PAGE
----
- The Washington Times - Wednesday, April 22, 2015

The Wizards left the booming city of Toronto with an ideal start to their best-of-seven series with the Raptors. When a visiting team goes up 2-0, it wins a best-of-seven series 89.7 percent of the time, which leaves the Wizards with a kung-fu grip on the series, if not an outright death lock. Three things from Game 2:

1. Beal in attack mode. The Wizards’ scored 30-plus points in consecutive quarters for the first time since obliterating the hapless Philadelphia 76ers on April 8. That day, the Wizards set a franchise record for shooting percentage. In Toronto, Bradley Beal’s decision to get to the rim had a lot to do with that success and his game-high 28 points. His shot chart was populated with Os and Xs in the lane since nine of his 21 shots were in the paint. He started the game 2-for-5 from the field, continuing the cold shooting he dealt with in Game 1. Then, a change.

“I think the first game, I was taking shots they wanted me to take rather than getting shots that I wanted to take,” Beal said. “I didn’t make my first couple jumpers [in Game 2], so one of my teammates pulled me to the side and said we were taking way too many jumpers, let’s get to the basket. I started attacking the basket and getting easy ones, and then everything else just opened up.”

2. No mercy on the boards continued. The Raptors have a key issue: They want to run, but can’t rebound. The Wizards are constantly sending two players to the rim to offensive rebound and are pulverizing Toronto accordingly. Washington has 29 offensive rebounds in two games. The Wizards have a 30-rebound advantage through two games. The Raptors had just 10 fastbreak points in Game 2. They had only six in Game 1. They are stuck playing one-on-one in the halfcourt.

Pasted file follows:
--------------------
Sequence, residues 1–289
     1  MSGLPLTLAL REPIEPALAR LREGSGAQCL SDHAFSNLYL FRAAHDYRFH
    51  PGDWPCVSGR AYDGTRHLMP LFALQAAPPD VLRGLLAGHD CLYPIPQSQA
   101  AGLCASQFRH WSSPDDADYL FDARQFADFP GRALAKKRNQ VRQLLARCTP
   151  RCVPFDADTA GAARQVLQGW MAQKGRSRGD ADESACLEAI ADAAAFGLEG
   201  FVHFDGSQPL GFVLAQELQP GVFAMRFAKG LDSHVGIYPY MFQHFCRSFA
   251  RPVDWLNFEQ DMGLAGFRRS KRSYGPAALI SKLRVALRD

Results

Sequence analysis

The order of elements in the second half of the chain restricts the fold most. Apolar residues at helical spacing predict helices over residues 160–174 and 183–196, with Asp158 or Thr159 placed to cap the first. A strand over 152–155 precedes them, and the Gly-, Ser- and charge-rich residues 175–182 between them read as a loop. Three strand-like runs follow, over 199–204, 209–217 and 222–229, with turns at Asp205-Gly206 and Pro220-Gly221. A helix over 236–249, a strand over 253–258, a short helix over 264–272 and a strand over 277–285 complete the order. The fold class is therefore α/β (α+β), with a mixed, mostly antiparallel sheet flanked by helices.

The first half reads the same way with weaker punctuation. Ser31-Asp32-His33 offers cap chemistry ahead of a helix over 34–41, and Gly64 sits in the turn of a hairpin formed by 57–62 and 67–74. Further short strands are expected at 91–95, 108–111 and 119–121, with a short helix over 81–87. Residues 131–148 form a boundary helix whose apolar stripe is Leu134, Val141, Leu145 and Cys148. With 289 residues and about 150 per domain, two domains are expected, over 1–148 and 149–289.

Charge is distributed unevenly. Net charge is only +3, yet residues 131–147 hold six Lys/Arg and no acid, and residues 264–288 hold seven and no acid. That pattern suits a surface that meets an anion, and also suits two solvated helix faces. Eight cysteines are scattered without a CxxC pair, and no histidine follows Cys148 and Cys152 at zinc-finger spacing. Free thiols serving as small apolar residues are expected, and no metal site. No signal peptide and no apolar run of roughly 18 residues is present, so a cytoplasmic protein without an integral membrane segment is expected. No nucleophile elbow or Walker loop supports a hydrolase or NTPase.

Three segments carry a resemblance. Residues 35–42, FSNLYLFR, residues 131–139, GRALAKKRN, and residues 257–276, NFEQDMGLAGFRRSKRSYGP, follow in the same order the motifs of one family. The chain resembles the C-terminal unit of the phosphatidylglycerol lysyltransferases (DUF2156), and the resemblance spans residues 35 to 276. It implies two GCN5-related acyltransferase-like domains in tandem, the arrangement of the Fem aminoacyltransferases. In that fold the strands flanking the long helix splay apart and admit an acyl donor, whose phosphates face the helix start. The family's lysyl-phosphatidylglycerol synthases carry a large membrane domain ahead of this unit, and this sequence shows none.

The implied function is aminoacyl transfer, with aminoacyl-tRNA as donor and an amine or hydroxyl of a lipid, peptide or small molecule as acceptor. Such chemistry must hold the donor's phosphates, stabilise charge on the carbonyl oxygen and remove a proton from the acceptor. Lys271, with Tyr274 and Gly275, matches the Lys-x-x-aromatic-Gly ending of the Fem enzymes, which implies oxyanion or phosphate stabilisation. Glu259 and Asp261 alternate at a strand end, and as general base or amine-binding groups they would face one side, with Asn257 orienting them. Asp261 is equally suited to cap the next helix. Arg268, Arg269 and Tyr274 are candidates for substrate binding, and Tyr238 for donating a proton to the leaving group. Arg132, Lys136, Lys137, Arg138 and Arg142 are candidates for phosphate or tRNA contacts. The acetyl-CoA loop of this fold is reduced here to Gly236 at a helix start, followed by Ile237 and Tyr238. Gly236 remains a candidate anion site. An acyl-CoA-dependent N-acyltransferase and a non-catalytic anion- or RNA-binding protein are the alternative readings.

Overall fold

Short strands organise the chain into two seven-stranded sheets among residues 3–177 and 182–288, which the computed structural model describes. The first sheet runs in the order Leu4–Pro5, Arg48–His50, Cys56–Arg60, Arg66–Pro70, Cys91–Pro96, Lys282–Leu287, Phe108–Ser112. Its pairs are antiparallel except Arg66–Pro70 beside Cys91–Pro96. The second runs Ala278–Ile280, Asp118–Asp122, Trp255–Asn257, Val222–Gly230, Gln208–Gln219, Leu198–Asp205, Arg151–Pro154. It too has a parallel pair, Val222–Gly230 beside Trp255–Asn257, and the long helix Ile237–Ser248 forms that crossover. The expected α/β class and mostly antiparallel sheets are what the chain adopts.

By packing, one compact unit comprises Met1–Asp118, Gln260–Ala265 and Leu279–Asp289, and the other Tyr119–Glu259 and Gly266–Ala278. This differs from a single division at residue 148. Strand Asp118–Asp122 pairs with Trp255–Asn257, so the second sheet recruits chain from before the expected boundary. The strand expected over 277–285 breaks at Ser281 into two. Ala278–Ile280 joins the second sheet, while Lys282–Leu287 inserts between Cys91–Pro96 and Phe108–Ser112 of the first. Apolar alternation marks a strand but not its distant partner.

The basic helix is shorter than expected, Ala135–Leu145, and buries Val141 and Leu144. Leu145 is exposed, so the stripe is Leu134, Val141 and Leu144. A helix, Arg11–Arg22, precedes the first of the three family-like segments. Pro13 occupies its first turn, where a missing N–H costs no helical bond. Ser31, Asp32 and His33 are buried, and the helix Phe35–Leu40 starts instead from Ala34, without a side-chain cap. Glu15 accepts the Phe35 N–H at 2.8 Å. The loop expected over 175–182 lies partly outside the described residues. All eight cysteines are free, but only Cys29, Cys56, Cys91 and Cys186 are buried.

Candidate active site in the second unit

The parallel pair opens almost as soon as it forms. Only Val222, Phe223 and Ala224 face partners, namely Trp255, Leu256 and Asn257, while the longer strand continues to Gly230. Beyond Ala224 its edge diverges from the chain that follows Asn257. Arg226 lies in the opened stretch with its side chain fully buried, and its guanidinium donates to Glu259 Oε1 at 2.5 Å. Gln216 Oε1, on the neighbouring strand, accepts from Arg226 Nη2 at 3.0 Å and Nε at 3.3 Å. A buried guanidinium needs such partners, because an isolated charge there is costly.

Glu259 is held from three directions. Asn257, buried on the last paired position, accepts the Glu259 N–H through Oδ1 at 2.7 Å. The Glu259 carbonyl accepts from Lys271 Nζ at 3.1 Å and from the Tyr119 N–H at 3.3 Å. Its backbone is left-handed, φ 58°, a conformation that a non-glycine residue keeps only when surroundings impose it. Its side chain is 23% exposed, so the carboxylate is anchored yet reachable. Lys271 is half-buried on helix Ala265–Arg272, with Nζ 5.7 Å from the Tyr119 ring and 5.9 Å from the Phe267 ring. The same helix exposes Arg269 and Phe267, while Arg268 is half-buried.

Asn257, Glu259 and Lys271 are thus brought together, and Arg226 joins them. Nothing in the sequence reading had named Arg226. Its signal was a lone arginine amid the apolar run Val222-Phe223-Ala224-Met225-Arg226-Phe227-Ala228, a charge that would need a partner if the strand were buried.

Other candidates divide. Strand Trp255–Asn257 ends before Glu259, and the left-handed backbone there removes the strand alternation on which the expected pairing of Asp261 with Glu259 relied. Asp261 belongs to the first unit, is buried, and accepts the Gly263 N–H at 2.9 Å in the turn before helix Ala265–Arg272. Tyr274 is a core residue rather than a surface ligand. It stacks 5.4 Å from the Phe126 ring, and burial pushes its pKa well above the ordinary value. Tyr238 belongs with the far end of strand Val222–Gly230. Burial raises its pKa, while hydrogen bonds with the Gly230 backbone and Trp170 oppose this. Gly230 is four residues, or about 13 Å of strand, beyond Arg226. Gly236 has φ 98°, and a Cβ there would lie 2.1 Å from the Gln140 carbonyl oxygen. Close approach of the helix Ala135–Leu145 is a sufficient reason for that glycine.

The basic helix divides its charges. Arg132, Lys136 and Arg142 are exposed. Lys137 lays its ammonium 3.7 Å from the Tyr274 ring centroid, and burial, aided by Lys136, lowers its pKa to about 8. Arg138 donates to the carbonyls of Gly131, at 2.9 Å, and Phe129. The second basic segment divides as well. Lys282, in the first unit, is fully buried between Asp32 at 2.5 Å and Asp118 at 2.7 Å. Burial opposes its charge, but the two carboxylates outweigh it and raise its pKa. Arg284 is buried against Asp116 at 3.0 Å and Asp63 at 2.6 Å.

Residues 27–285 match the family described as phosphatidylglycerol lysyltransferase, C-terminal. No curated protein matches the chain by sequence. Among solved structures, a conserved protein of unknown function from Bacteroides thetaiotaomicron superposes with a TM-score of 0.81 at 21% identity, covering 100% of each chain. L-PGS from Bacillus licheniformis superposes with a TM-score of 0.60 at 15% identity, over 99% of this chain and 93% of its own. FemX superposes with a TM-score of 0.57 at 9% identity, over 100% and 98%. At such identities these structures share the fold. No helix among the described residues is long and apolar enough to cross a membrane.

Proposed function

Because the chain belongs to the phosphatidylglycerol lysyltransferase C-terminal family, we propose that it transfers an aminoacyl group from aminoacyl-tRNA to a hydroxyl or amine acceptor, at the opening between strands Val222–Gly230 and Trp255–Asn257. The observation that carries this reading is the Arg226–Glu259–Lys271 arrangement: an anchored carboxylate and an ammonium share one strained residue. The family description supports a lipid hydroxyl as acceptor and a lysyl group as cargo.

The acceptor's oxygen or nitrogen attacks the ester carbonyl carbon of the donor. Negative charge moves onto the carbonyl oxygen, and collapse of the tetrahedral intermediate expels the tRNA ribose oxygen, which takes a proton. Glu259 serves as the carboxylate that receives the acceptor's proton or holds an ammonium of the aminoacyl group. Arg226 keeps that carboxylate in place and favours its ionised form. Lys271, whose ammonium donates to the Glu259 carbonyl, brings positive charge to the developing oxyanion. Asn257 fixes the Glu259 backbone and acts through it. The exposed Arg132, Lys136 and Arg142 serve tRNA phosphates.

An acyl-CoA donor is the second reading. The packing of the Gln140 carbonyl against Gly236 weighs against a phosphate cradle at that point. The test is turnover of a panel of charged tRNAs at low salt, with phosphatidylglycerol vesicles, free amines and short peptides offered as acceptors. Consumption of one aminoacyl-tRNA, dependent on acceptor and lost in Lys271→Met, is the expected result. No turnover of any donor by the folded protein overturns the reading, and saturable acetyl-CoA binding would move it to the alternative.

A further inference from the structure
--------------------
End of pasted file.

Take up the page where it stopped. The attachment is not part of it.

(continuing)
3. Feisty Otto. Maybe it was the removal of the goggles — as his teammates have been telling him to do — that has flipped Otto Porter in this model of player. Game 1 was noted, but could have been a one-off instance of Porter’s success followed by a quiet night, which was so often the case this season. Instead, he was better in Game 2. Before the season began, Paul Piece talked about multiple attributes in Porter he liked. Before it closed, he wondered about Porter’s fighting spirit. Now, this: “He’s getting confident, man,” Pierce said after Game 2. “He’s growing. I think at the end of the year he finally got the opportunity to play more minutes and his confidence has been growing going into the playoffs. I’m just steadily trying to feed it. I’m just trying to feed it every day in the game or practice. He has a lot of potential man, he could be an X-factor for us and he’s proving that right now in this series.”

Also interesting was what John Wall said of Porter, which is reflected in his numbers as a starter versus coming off the bench. It seems Porter realized his play needs to be the same no matter when his name is called, and that will lead to more minutes — including with the starters.

“I think sometimes when he was in the starting lineup, he was very aggressive,” Wall said. “And then, he’d get to the bench, he wouldn’t be aggressive. I think he understands his role more now and understands if he’s playing well, we’re going to play him a lot in the fourth quarter. We need him big in these games.”

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